And the rules are based on aesthetics. One puts up (creates, makes available) a handsome male, the other bites of its nose: Is this attack? joke? intimacy? It's playfulness (above) is understood because it livens a boring stock romantic image. In other words, to respond appropriately, yet freshly, you have to operate at a level of aesthetic awareness comparable to that of a poet who must respond to a line of poetry with a next line that is both immediately recognizable as appropriate and also surprising, expanding the game -- or, for the hell of it, plunging into chaotic nonsense that's a kind of art in itself (not a sunset, but a gorgeous crocodileset).

I mentioned Calvinball, where, if tagged off the base, Hobbes will "remind" Calvin of the rule he has just made up that Calvin must spin around three times before making the tag. An even better analogy to what I describe in the poem is something I once witnessed between two nephews of mine -- identical twins. I watched them play -- age 4, I think (I'm ancient, since they're now in their 30s). They were playing catch on the carpet, rolling a ball, but not just rolling it, using some toy that had a ramp to start it rolling. And I noticed that as they played, mostly without words, they kept changing the game, more than once in a second, responding in ways that implied rules, and it all made sense -- to them, to me, watching.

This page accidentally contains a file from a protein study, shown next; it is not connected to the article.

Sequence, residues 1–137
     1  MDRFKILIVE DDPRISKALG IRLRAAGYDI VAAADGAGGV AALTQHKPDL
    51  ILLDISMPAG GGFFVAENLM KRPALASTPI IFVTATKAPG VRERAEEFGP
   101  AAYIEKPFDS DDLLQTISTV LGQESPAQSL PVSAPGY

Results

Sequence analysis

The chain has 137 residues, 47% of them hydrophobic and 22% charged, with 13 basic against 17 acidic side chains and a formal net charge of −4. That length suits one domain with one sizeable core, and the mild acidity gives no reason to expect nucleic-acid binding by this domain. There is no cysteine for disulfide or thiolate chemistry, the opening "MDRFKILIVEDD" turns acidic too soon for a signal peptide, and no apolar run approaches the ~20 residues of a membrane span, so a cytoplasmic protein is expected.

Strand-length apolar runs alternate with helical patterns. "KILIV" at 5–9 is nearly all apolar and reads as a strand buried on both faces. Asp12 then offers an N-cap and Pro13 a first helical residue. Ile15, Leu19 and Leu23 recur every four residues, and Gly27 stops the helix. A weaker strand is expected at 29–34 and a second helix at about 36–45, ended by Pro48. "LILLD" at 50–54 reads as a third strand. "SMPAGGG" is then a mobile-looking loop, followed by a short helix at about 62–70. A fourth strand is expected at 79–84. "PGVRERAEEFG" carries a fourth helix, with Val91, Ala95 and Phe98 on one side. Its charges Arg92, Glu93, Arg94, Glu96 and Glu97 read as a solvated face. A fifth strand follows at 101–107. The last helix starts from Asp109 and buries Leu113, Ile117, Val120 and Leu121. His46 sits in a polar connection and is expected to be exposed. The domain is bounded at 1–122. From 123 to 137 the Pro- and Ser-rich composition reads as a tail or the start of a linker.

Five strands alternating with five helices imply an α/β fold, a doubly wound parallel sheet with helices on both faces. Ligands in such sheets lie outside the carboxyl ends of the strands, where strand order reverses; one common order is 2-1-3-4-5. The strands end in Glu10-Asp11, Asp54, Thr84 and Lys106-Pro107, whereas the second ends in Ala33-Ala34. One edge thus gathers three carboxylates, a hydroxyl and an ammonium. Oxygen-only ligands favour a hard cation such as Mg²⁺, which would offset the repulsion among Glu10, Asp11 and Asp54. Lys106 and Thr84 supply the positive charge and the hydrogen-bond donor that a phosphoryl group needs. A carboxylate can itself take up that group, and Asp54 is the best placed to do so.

It was odd, my knowing exactly what the little changes meant, without knowing how I knew -- or rather, realizing why I knew: We are not, natively, the players of games (not only that). We are the creators of games.

The best ways I know of to experience this state in action are to get involved in improv. groups, jazz and jam sessions or any art form, and especially art with live interaction among artists.

The single most effective way I know of to introduce someone to an awareness of the extent to which living is a continuing creation of games is explained in a book entitled THE CREATION OF HUMAN ABILITY by L. Ron Hubbard. In that book (pages 207-208 in my 1989 edition) is a "process", a sort of game used to increase someone's awareness (a sloppy definition, but it'll do here) called "R2-69: Please Pass the Object." It explains exactly what to do to get someone aware of games and rehabilitate the sense of play. Try it on someone deathly serious and watch him/her rediscover laughter.

[Note: The process is labeled "R2", meaning "Route 2" because it's one of a sequence of processes designed to get someone somewhere (from spiritual state A to spiritual state B, for example -- a route), and is done after a set of processes labeled Route 1; and this process (R2-69) is the 69th process of Route 2.]

Apologies to the pious, but "spiritual life" is not synonymous with "solemnity" or "dullness" or even "sexlessness".